A behaviour policy that is no longer fulfilling its purpose cannot be ignored. But changing it is not for the faint-hearted: no other policy affects a school in quite the same way.
How we treat our students – particularly when they step out of line – epitomises the values and culture of a school. Get that right and you will build firm foundations for a strong learning community; get it wrong and you will likely experience discord and uncertainty.
So, when it became clear to me and my senior colleagues that our school’s behaviour policy needed to be replaced, we knew we were in for a bumpy ride. This type of change needs vision, takes courage and requires a bucketful of patience. Here’s how we managed the process.
First, you need to establish a clear vision of what you want to achieve. It is easy to lose sight of the rationale for change when faced with barriers, so keep bringing the benefits for learners and the school community to the fore. The greater your own understanding of what you are trying to do, the greater the buy-in will be from other staff.
Generating that buy-in is crucial because change is often considered synonymous with more work and monitoring. So don’t expect rousing applause at the announcement of a policy change. The answer doesn’t lie in establishing a behaviour policy in a senior leadership team meeting and then imposing it. Collaboration is the key to winning hearts and minds.
To enable this collaboration, we set aside periods of directed time to debate and agree preferred practices. Views on behaviour management are often rooted in an individual’s own experience and belief systems so, unsurprisingly, a number of conflicting opinions surfaced during this process. Not every staff member was in agreement, but at least everyone’s voice was heard, which made people more likely to feel invested in the final policy.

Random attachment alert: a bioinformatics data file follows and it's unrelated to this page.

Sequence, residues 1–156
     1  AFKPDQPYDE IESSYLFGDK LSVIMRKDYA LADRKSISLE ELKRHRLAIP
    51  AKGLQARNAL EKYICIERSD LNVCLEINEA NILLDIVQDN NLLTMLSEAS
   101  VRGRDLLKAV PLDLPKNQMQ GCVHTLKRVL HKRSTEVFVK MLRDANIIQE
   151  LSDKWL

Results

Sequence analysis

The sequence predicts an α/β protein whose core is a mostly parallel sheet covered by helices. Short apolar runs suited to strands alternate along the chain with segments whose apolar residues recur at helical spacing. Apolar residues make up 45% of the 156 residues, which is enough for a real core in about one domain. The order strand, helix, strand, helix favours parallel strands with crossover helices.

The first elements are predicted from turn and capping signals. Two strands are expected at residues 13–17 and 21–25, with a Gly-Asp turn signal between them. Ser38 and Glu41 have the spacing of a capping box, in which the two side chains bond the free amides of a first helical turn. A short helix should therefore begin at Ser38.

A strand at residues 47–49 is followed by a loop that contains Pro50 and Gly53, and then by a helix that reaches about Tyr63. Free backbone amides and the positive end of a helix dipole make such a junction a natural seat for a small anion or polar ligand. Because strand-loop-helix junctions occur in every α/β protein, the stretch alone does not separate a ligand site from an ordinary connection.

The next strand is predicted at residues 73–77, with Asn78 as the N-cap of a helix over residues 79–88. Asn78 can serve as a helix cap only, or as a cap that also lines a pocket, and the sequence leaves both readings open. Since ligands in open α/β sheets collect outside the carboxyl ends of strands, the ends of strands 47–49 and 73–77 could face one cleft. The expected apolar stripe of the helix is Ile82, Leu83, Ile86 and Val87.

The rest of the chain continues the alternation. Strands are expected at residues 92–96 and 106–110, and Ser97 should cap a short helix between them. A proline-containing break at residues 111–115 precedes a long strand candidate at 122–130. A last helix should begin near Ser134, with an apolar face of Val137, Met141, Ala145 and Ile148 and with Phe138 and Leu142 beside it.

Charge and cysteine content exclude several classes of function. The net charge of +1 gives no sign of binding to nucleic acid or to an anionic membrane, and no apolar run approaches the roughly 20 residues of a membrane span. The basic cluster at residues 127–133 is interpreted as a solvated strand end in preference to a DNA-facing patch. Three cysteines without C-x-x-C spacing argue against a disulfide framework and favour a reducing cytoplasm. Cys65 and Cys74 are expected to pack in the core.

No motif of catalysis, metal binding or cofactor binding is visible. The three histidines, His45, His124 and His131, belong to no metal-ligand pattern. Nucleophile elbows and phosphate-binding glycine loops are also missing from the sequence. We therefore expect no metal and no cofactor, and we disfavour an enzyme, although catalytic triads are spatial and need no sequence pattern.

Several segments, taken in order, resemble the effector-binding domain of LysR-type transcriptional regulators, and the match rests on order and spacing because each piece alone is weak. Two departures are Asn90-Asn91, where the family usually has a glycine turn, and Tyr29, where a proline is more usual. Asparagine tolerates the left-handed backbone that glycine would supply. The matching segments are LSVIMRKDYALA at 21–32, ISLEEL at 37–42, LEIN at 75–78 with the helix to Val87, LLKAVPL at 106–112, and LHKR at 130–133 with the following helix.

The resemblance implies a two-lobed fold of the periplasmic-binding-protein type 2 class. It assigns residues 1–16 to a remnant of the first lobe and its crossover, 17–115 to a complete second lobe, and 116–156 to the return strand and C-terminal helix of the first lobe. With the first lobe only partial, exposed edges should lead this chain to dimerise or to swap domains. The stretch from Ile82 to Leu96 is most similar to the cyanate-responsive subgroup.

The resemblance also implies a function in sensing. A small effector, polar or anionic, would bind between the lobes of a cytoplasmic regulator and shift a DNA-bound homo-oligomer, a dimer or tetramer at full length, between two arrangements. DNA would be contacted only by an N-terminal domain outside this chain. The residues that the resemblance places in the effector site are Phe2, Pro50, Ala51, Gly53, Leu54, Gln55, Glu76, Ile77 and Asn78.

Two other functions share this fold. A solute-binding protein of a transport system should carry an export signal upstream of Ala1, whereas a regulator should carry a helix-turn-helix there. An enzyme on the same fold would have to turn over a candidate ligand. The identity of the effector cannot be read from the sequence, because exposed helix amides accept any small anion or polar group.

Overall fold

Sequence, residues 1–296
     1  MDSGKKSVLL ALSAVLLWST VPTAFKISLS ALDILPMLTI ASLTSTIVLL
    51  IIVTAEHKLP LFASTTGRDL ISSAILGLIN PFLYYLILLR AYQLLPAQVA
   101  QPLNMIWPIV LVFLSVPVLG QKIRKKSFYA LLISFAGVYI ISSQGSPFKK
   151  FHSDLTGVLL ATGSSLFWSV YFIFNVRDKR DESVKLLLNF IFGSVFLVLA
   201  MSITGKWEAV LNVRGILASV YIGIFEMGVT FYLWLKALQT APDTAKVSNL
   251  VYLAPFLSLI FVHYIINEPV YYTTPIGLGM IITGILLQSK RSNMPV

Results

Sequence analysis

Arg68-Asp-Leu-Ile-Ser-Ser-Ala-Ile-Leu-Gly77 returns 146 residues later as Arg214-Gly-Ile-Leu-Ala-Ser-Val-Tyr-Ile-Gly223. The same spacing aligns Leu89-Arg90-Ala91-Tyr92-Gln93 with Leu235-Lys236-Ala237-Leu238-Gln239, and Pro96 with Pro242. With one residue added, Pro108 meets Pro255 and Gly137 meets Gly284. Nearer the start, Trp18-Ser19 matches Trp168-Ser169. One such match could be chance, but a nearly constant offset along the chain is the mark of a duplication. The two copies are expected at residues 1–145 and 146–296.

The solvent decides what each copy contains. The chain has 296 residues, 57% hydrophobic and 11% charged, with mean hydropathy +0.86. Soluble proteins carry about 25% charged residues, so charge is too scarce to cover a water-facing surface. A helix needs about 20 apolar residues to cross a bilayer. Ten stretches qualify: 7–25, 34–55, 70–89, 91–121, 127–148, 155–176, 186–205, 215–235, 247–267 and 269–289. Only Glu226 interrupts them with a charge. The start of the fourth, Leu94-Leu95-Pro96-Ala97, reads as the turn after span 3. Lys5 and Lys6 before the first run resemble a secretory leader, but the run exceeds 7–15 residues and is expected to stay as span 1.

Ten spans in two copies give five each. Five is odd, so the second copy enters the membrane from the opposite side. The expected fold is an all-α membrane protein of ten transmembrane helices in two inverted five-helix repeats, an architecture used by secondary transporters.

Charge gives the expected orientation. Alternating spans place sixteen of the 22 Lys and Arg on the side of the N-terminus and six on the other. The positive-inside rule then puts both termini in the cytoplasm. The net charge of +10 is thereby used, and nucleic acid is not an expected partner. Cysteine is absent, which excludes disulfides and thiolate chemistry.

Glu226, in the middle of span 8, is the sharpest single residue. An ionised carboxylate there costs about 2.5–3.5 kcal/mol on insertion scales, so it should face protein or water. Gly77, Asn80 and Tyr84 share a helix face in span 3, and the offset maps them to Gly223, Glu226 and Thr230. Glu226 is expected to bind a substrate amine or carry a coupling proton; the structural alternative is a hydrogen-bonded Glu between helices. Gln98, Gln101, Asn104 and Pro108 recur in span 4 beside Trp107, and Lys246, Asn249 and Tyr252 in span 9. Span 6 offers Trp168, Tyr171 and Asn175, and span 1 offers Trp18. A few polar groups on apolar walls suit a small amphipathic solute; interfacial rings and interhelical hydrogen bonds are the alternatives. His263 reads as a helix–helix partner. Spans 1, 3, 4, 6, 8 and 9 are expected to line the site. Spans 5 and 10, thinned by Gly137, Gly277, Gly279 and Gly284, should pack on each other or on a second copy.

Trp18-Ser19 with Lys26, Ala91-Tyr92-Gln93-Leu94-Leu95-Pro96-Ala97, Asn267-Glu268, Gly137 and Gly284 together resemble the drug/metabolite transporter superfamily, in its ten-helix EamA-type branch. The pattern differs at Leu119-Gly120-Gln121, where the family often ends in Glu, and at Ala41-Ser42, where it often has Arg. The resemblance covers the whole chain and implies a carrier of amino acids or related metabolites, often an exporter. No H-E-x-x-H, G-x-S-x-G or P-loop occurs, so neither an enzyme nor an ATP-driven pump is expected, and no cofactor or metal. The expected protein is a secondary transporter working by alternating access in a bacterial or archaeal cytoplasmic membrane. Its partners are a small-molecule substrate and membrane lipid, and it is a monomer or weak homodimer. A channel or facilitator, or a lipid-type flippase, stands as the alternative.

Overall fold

Get your message across
Once we’d drawn up our new policy, it was vital to communicate it in a clear and timely manner. The message was adjusted and delivered separately for each group of stakeholders, from pupils and parents to teachers, teaching assistants and lunch staff.
Over the next few months, the leadership team worked to model the new practices, while staff observed. We asked for their feedback and were open about admitting what we found difficult or got wrong. This built trust and made staff feel that it was OK to ask for support.
Patience was vital: it took at least an academic year for the new processes to become the norm. Messages needed to be repeated, preferred practices tweaked and misunderstandings addressed. However, taking a collaborative approach has helped to create a greater sense of community, with shared goals and values.
Deborah Harris is assistant headteacher at Wormley CE Primary School in Hertfordshire